Five Years, Lord Willing

Where are you and where are you going?
Felipe
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Re: Five Years, Lord Willing

Post by Felipe » Sun Oct 01, 2017 10:51 am

So many interesting stories. I seriously thought I heard it all but Shrek and sasquatch fetishes are new to me.

I actually enjoyed acid but mushrooms much more. I remember becoming a centipede god eating itself as a sacrifice to the mosquitos. I saw food turn to mold before my eyes, I could swear I was one of the fungi eating my food ... I happened to have the strongest mushrooms of my life during a tropical storm while living in a tent on Hawaii. All the food in my tent was actually moldy when I looked again with sober eyes.

Jason
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Re: Five Years, Lord Willing

Post by Jason » Sun Oct 01, 2017 11:29 am

Damn. Centipede god eating itself as a sacrifice to the mosquitos? Talk about bugging out.

I don't remember my mushroom trips so well. I think I just ended up playing pinball. I do remember taking mescaline and weeping.

Timothy Leary came to speak at our university. The guy was so acid fried he couldn't say one coherent thing except "Question Authority." Yeah, thanks for the bumper sticker, Timmy. But the worse public speaker in the history of the universe, Corretta Scott King. I'm reading the MLK in America trilogy and they say great things about her, but all I can remember is thinking "What in the fuck did Martin see in this woman?" I guess it was an opposites attract thing because if MLK was there he would have been saying "I had a dream my wife shut her fucking mouth." And it wasn't the sound of her voice thing, like Hillary Clinton. It was so bad and meandering I wanted call to the fire department and have them shoot her with a fire hose.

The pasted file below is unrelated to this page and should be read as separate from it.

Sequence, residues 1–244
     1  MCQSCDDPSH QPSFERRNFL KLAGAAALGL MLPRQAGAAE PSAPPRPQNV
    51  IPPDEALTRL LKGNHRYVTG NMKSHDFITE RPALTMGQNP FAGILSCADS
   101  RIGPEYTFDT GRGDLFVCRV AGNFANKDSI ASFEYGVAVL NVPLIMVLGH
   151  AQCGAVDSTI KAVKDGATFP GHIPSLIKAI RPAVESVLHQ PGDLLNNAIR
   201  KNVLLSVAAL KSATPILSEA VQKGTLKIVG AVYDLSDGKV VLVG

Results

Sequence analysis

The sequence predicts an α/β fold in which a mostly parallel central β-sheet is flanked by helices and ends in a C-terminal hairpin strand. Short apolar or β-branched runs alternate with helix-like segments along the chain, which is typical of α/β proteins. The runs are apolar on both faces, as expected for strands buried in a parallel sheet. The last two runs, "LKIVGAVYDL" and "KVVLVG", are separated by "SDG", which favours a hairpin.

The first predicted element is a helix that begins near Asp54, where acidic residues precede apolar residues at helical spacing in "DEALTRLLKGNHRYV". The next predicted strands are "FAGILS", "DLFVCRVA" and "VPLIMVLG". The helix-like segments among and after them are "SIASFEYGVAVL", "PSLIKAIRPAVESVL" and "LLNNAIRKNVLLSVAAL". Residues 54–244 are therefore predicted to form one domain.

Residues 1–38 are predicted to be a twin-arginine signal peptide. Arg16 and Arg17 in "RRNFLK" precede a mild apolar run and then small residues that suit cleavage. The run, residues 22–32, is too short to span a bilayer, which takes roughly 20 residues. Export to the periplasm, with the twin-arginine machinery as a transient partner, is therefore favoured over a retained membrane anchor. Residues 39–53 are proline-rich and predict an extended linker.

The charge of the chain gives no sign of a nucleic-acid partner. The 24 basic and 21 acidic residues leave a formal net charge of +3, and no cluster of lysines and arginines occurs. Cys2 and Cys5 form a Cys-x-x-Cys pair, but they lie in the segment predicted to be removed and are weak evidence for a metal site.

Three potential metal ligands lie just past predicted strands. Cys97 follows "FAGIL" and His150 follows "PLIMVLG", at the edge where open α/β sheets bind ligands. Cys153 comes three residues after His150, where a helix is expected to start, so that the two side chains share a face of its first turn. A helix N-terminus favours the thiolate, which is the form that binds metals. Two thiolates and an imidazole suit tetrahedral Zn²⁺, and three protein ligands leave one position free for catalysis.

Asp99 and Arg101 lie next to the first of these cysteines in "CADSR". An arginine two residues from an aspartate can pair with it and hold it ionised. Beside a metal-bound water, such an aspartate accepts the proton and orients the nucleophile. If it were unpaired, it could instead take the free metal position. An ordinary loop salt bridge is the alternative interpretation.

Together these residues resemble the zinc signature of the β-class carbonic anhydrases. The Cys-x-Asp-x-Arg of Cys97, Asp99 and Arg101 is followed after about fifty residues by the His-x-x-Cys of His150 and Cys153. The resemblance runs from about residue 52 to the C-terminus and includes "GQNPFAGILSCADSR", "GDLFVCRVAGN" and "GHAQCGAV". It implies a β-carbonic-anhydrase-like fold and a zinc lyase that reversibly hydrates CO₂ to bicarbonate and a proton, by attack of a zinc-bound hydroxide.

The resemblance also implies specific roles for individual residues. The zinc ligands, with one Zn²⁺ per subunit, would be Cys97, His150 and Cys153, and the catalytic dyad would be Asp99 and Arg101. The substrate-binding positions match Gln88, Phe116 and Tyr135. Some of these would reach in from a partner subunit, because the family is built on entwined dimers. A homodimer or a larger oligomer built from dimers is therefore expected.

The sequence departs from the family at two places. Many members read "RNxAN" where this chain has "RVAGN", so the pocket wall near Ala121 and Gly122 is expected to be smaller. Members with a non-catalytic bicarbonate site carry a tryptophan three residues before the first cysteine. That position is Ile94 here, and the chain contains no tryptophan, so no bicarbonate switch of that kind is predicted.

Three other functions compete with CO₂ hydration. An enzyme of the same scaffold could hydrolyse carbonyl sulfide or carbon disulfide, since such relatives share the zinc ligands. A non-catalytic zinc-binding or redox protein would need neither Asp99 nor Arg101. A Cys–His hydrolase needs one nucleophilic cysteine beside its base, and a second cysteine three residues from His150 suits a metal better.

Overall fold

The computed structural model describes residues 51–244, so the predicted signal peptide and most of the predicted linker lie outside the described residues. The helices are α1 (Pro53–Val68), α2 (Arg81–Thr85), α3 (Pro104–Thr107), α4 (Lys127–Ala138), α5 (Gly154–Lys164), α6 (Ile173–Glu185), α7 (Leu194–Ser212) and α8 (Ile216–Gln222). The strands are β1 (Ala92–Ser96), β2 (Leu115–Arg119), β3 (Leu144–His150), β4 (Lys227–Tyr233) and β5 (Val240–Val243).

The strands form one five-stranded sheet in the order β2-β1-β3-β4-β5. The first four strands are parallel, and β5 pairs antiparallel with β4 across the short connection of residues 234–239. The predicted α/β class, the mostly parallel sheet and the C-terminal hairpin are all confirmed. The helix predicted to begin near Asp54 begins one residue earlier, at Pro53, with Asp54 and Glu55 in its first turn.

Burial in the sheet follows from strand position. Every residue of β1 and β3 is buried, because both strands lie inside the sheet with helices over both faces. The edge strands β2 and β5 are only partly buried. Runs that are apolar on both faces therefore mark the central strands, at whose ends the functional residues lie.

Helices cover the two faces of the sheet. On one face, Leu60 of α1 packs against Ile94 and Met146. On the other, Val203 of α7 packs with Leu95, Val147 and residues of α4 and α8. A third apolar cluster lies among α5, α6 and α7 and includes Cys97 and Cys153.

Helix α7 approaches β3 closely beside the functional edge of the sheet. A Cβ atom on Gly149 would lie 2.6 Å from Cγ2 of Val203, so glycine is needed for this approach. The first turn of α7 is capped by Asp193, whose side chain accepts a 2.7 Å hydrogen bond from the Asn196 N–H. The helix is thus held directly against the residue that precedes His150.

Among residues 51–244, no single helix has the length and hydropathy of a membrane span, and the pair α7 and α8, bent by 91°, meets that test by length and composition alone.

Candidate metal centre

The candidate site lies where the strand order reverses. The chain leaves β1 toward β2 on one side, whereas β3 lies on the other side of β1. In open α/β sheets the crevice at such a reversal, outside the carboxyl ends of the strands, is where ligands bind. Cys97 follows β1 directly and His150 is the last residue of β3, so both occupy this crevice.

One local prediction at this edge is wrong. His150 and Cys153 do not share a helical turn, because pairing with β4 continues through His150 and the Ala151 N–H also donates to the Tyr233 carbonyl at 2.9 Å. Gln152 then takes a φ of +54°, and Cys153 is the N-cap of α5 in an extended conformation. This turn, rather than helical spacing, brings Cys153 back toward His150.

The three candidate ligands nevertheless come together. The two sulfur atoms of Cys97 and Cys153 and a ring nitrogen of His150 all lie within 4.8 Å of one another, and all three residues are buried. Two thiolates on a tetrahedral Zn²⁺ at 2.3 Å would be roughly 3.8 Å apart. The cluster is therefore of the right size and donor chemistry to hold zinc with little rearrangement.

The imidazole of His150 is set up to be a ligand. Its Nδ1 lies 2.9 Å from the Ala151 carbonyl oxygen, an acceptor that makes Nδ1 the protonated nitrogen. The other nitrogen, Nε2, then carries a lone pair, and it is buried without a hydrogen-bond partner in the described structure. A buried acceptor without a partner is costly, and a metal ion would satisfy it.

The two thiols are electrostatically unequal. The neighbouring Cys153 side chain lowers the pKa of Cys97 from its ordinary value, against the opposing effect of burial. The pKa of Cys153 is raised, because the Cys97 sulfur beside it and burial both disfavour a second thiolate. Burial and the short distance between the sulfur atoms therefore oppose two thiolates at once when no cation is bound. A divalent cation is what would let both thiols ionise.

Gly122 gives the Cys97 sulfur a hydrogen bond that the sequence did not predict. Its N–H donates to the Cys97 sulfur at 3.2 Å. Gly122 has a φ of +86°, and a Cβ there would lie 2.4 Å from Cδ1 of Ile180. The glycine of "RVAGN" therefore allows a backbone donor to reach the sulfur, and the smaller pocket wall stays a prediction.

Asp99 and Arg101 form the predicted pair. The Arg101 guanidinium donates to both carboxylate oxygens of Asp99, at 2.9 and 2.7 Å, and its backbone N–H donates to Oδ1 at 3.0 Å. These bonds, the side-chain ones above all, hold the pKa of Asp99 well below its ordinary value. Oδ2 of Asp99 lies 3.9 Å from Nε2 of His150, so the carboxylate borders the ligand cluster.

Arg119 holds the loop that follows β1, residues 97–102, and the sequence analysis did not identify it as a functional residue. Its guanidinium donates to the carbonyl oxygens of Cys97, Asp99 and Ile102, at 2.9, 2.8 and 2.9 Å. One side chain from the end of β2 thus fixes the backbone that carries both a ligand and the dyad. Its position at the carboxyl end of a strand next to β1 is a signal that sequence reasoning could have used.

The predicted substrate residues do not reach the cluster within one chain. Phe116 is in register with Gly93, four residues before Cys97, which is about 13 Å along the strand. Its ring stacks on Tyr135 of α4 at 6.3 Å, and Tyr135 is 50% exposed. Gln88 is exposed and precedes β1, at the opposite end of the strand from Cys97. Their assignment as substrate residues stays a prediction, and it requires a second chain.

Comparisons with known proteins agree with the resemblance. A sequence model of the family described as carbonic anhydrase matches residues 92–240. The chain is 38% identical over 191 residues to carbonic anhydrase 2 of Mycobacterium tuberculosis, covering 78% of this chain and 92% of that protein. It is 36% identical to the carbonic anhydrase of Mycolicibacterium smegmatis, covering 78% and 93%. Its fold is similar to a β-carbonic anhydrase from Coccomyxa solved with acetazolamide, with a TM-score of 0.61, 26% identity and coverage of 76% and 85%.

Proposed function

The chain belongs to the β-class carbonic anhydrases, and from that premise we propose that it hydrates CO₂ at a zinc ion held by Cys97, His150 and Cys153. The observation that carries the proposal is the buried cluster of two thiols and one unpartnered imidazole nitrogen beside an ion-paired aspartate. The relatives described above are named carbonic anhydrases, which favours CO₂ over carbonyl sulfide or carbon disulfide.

Jason
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Re: Five Years, Lord Willing

Post by Jason » Wed Oct 04, 2017 6:57 pm

(1) Due to escrow adjustment my monthly mortgage payment went down $10.00 and I got a refund check in the amount of $90;
(2) I just complete my 40th book this year. I'm hoping to finish at 48, four books per month;
(3) I am really trying to deal with crippling anxiety, fear issues. Some progress.
(4) Life is war, but I get to pick which battles I will fight. Now that I wrote that, I cringe at the stink of such bullshit;
(5) Our net worth at this moment is +445K. My wife is vested in a pension that is targeted to reap approx. $1500.00 a month. I do not include that as our governor is an immoral, fat piece of grade A obnoxious money grubbing shit;
(6) My father told me to never trust a man who wears white shoes. I've extrapolated to include men who wear bow ties. My father is dead. I am not;
(7) I wouldn't attend a rock concert if you paid me but the best one I ever saw was Tom Petty. I went with a girl who loved Tom Petty and two other guys but not me. She once wore a pant suit that embarrassed me. I can still picture it. Christ. Anyways, he did this acoustic version of "The Waiting" which I always remember. He wrote songs that you would say "I can write that" but you couldn't which IMHO is genius. I'm not crushed, a little surprised, another cinder block from the foundation of my youth removed. The precipice will soon completely collapse. Good night Tom Petty. I hope you banged Stevie Nicks, like so many others of your generation;